Elite firefighting crew mobilizing to protect sequoias, historic log cabin


Friday, July 26th 2002, 12:00 am
By: News On 6



JOHNSONDALE, Calif. (AP) _ A wildfire burning on 58,500 acres near stands of ancient sequoia trees is creeping toward a log cabin built by sheepherders in the 1890s, prompting an effort by an elite firefighting crew to protect the structure.

The fire, which was 10 percent contained as of Thursday, was sparked Sunday by a Bakersfield woman's campfire, according to U.S. Forest Service officials. Peri Van Brunt, 45, could be arraigned Friday in U.S. District Court in Fresno on federal felony charges of unlawfully starting the fire.

The fire, raging near this hamlet 130 miles north or Los Angeles, has forced at least a thousand residents and vacationers to evacuate.

On Thursday, an elite ``hotshot'' crew cleared the area around the old Speas Cabin down to the subsoil, removing limbs on nearby trees and digging a fireline 300 yards up to a nearby road.

Their next task is to start a backfire along the fireline to head off the oncoming wildfire, part of an overall strategy to contain the western half of the blaze before it reaches homes and sequoias. If winds lie low, ``considerable containment'' was possible by Sunday, said Jim Paxon, spokesman for a the team of elite firefighters managing the blaze.

``I'd prefer to see the fire and be on the fire's edge. The fire's going, and the adrenaline's going and the time goes faster,'' said Gabe Donald, one of the team's chain saw handlers.

In this case, the decision was made to draw a line in the dusty soil far back from the edge, in part to protect the old log cabin.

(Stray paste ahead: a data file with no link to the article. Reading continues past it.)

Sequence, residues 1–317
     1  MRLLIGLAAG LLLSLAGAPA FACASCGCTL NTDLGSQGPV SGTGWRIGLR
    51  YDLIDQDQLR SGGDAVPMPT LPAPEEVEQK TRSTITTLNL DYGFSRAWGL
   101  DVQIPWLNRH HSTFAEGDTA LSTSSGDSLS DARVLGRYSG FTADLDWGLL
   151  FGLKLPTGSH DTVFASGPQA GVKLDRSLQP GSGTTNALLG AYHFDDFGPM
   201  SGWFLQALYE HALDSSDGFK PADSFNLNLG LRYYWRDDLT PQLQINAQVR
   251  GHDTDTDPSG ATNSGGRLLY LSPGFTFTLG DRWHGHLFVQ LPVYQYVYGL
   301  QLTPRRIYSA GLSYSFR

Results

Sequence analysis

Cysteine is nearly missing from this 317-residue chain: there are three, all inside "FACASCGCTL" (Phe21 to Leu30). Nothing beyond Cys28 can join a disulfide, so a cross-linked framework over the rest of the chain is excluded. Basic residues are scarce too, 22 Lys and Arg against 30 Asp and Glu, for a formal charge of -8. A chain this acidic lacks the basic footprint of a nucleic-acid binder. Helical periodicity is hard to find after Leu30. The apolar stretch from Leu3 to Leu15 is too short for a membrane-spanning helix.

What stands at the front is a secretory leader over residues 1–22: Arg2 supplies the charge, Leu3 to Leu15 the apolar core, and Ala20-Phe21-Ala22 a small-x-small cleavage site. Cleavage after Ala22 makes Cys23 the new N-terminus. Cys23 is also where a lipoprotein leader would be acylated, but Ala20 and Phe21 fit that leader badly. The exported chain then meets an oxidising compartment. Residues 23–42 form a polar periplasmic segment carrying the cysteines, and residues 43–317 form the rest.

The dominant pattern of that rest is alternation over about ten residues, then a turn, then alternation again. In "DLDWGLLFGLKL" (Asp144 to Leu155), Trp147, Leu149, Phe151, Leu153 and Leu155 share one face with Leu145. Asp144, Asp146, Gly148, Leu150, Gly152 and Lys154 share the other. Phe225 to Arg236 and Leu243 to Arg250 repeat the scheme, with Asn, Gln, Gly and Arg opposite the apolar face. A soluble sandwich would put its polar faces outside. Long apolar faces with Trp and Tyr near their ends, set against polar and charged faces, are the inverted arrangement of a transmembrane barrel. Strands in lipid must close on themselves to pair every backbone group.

``It's been here for 100 years. We think it's important for future generations to see,'' said Sue Exline, a spokeswoman for the firefighting management team.

So far, none of the area's sequoia stands have burned. Flames have come within a mile of the Packsaddle Grove and within two miles of the Trail of 100 Giants, a grove that includes some of the Earth's largest and oldest trees.

Individual sequoias can live more than 3,000 years and their thick trunks are resistant to fire. But the towering trees are vulnerable when flames reach the crowns of smaller trees and leap from there into the limbs of the sequoias.

Also at the fire on Thursday, an engine strike team leader with California's forestry department was hospitalized after suffering a slight stroke possibly triggered by type 2 diabetes, Paxon said. He declined to release the man's name or hometown.

Elsewhere:

_ In Reno, Nev., Interior Secretary Gale Norton said the Bush administration is not ready to waive major environmental laws to expedite logging and thus reduce wildfire threats. She said she was surprised that Senate Majority Leader Tom Daschle, D-S.D., pushed an amendment through the Senate exempting a 700-acre logging project in his home state from some environmental laws. The measure passed the House on Tuesday and the Senate on Wednesday as part of a $28.8 billion defense supplemental appropriations bill.

_ A special investigation team went to Oregon's biggest wildfire to find out why 20 firefighters had to climb into their emergency shelters to escape being overrun by flames Wednesday. Eleven were treated for minor burns and smoke inhalation.